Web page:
Every campaign has had a slightly different path to success. The LG “Something’s Lurking” film was fraught with obstacles so when that hard work is recognized, it’s always bittersweet. It also proves that good work can be done on a brief that usually gets put to the side.

The “For a Fleece” music video I did for Footaction was extremely fun to create so winning was simply a bonus.

When you work with clients like Land Rover who push for unexpected ideas like the one we created this year called “Roam Free”, you are reminded that good clients exist and why you love your job.

And then there are projects like the one I recently worked on for the New York City Ballet that go beyond advertising and bring a different perspective to the potential of what we can do in our industry.

What is your creative philosophy?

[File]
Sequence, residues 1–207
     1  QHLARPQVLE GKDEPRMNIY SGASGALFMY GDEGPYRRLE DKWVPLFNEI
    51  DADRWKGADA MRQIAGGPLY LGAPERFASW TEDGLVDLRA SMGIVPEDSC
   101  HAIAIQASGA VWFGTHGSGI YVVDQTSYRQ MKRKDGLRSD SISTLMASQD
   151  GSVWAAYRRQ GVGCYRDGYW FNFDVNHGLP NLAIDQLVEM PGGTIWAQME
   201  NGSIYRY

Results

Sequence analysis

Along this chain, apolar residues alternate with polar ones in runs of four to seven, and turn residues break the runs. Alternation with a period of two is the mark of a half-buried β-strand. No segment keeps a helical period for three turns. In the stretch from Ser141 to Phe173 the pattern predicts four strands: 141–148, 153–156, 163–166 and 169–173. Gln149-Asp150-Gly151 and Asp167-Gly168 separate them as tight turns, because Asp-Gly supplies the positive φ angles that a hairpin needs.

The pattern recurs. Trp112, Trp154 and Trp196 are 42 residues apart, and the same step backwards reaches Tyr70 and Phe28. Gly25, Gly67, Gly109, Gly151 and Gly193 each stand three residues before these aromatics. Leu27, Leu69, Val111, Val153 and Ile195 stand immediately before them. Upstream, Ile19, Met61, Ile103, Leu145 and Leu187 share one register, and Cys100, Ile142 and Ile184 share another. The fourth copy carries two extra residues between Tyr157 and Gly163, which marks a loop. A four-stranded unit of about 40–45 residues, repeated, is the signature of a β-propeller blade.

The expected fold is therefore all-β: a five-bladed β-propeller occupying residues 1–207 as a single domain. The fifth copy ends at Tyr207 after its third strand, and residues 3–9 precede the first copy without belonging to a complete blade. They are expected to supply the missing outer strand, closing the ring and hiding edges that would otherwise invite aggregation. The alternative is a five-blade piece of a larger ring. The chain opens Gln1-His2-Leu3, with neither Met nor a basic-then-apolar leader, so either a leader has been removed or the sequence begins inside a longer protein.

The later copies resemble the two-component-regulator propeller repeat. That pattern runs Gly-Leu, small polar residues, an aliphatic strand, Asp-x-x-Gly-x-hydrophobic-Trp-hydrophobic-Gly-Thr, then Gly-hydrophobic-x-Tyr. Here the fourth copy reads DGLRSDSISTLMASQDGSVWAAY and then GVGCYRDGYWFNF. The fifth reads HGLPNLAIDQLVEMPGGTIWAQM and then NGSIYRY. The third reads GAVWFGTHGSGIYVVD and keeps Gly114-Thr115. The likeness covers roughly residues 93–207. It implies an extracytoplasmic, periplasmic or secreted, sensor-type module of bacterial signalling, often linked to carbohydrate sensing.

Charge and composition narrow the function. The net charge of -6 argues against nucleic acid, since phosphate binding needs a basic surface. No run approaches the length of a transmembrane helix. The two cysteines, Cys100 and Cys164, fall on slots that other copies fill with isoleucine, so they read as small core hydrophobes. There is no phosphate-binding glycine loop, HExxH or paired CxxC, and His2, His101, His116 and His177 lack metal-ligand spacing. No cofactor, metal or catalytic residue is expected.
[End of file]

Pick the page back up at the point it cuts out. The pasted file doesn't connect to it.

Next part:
Empower the young. Stay the course. Don’t be a dick.

Lettering by Jill Howarth, represented by Good Illustration

Lettering by Jill Howarth, represented by Good Illustration

If you could select one project from your portfolio to share with our audience, which one would it be and why?

We just created an incredibly poignant and historic project for the New York City Ballet called “New Beginnings” on September 12th 2013. It is a breathtaking ballet performed on the rooftop of 4 World Trade Center to pay tribute to the future of the city. It’s a bold, pure idea that’s untainted by the usual restrictions or crippling political correctness that we’re faced with daily. It’s also a powerful example of how art can shape culture and bring forward a different conversation to society.